The customer service team should ask how they could’ve helped the customer adopt and use the product. The development team should ask what feature/benefit sets are missing that could’ve caused this customer to leave.
And your sales team should ask how they could’ve positioned the benefit of the product or service better.
This is such a golden opportunity for growth and improvement that many sales and marketing teams miss out on. Understanding why customers churn is directly tied to sales effectiveness.
Why? Because you’re seeing first hand that there’s a perceived problem that is not solved by your solution.
Most churned customers take part in some sort of exit survey with customer success or customer service team. This feedback is so valuable, organizations pay big money for marketing research firms to gather intel of this caliber.
There have been many times in my career where I’ve shaken my head in disappointment at customers who’ve churned. They weren’t educated on how a product solves their problem.
Perhaps it was the messaging, the sales pitch, or something in between. But there was significant (and expensive) confusion.
Or, even worse are prospects who purchased a product thinking it was one thing when it turned out to be something else entirely.
Besides offering ideas on how to improve the product, churning customers are an excellent place to look for holes in how your solution is presented.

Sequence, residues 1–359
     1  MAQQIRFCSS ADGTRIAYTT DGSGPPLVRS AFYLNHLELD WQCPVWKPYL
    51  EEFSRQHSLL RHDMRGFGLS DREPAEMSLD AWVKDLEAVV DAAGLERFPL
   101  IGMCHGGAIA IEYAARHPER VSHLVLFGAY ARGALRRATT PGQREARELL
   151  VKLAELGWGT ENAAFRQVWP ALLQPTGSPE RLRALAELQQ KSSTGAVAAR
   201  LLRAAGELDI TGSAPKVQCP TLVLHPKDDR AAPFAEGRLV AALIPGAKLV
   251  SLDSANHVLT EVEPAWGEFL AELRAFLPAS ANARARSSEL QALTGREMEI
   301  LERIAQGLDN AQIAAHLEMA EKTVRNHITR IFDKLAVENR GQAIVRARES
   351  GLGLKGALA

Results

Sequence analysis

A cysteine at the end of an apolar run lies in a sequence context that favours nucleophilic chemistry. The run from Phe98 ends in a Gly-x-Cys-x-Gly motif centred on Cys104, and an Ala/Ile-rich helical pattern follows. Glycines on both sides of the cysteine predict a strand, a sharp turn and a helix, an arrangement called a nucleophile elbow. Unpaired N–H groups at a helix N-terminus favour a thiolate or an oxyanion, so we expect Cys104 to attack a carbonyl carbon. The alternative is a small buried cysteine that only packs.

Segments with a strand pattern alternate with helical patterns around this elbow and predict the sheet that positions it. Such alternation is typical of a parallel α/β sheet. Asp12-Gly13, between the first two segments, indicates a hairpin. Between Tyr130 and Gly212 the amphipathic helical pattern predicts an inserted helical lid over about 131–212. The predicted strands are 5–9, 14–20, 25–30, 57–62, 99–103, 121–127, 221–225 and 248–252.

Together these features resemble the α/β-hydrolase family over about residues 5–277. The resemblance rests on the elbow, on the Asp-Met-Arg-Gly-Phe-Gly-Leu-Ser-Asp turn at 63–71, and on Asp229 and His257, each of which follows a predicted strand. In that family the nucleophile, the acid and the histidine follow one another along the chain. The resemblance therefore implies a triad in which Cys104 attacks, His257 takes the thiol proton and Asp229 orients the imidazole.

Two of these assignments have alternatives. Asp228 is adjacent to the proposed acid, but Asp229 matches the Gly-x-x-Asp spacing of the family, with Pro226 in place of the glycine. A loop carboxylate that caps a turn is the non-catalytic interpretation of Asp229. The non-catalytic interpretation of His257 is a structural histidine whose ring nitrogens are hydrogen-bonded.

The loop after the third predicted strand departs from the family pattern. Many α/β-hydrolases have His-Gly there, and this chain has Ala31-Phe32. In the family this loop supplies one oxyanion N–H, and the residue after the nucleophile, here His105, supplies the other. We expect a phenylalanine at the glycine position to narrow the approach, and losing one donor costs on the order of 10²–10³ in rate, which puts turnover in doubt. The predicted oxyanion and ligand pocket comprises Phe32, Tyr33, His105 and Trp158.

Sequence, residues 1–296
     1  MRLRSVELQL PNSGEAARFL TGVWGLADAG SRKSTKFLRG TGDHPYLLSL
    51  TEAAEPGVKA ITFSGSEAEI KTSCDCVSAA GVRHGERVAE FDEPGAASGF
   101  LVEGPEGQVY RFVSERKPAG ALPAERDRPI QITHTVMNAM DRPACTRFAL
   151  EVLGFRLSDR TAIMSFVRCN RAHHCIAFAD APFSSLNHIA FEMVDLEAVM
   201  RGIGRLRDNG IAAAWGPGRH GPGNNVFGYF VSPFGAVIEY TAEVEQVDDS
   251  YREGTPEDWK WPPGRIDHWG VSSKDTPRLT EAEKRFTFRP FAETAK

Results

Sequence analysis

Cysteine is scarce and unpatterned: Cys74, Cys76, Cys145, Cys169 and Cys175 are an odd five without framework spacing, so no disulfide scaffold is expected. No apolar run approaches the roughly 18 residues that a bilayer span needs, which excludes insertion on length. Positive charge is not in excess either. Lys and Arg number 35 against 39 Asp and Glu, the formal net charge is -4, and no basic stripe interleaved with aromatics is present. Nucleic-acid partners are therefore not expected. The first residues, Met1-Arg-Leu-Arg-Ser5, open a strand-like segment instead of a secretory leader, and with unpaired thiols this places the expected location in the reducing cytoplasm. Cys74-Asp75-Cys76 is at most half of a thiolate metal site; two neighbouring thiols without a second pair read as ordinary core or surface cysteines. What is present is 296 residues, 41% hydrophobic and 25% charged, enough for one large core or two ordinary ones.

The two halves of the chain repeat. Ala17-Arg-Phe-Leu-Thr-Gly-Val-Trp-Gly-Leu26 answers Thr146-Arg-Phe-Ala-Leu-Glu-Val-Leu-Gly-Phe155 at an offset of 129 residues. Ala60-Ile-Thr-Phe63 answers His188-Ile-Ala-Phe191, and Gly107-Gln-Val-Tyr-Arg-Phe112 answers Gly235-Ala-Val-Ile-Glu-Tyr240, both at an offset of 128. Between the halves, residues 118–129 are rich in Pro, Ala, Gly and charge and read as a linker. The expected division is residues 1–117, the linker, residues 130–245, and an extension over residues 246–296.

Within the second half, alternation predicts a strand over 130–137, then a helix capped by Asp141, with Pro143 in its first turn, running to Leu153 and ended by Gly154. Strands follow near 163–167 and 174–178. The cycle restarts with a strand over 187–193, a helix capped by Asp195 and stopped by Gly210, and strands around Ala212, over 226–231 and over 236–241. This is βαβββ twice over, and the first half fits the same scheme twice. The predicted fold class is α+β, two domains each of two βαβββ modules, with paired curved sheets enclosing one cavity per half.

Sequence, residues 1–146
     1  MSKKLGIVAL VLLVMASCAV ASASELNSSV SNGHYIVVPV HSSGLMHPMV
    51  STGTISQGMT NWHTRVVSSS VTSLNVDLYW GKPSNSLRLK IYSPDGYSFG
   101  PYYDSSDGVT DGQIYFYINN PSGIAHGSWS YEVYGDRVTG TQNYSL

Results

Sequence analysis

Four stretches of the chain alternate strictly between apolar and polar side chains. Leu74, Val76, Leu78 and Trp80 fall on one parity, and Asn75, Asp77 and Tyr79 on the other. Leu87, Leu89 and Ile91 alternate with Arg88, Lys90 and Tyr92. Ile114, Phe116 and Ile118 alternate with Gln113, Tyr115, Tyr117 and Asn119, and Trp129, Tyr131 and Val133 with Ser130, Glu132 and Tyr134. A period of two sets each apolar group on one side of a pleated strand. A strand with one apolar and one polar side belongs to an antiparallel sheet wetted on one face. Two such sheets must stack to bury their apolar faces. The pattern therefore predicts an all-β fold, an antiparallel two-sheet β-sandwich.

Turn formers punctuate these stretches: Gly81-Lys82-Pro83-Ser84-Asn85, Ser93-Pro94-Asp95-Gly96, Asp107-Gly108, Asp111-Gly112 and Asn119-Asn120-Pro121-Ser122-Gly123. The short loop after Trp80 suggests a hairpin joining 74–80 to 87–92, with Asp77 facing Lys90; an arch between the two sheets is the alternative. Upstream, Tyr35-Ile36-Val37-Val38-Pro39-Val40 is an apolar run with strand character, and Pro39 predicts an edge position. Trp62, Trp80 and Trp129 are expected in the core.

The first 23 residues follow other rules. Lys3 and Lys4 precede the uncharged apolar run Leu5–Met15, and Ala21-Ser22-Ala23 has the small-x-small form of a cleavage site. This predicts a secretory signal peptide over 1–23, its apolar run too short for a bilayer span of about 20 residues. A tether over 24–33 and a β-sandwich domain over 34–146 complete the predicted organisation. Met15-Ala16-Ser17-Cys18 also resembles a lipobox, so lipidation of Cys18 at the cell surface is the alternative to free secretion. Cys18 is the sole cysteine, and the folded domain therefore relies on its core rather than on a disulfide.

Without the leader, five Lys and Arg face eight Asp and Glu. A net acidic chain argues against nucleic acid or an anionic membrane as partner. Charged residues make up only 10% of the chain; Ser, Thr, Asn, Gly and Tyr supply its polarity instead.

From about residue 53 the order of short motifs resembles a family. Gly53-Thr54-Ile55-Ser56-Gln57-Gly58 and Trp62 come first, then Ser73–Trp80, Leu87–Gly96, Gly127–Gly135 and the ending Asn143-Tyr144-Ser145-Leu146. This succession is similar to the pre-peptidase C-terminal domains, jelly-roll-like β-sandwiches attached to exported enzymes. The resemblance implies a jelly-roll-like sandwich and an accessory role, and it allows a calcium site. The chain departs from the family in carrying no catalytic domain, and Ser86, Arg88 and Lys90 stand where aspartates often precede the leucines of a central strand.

It’d be irresponsible to hold sales completely accountable for churn. But it’s a fatal mistake for sellers to ignore it completely.
Churn affects everyone: customer service, development, finance, sales, and marketing.
I know this doesn’t exactly align with the common personality of a seller. Sales reps are always on a mission for the next deal, and rarely in the mood to do a post-mortem on a sale they closed months or years ago.
But smart sellers know that those who ignore history are doomed to repeat it. And understanding churn rate ties into how reps can position and sell your solution.
The obvious king of KPIs is revenue. Most sales leaders don’t need a reminder to track revenue. But it’d be a mistake to overlook it in a post about sales effectiveness.
The tricky thing about revenue is that it’s really the sum of all the elements mentioned above.
If you were to tell your sellers to “increase revenue,” it’d be unhelpful. If only it were that easy!
That’s like telling someone to just “be successful.”
Revenue is best measured when you break it down into tiny, actionable processes and steps. As we’ve done in this post.
Once you fully understand the aforementioned factors (and any other KPIs relevant to your business), you’ll be set up for success to increase revenue.
To illustrate the point, consider this example:
Bill Walsh was a legend in the history of the NFL. His leadership philosophy transformed the San Francisco 49ers from the worst franchise in sports to an epic dynasty.
He offered an interview to a biographer before his death, which the author published as the powerful book The Score Takes Care of Itself. It’s a must-read for anyone in leadership.
Walsh’s leadership philosophy could be summarized in the following way: when you focus on the score, you’ll lose. But when you focus on the tiny, repeatable actions that predict success, the score will “take care of itself.”
In the same way, focusing on the abstract concept of “increasing revenue” is overwhelming and unhelpful. But focusing on the individual KPIs we’ve outlined in this post — the small, but significant actions that culminate in success — is a surefire way to increase revenue, morale, and sales effectiveness across the board.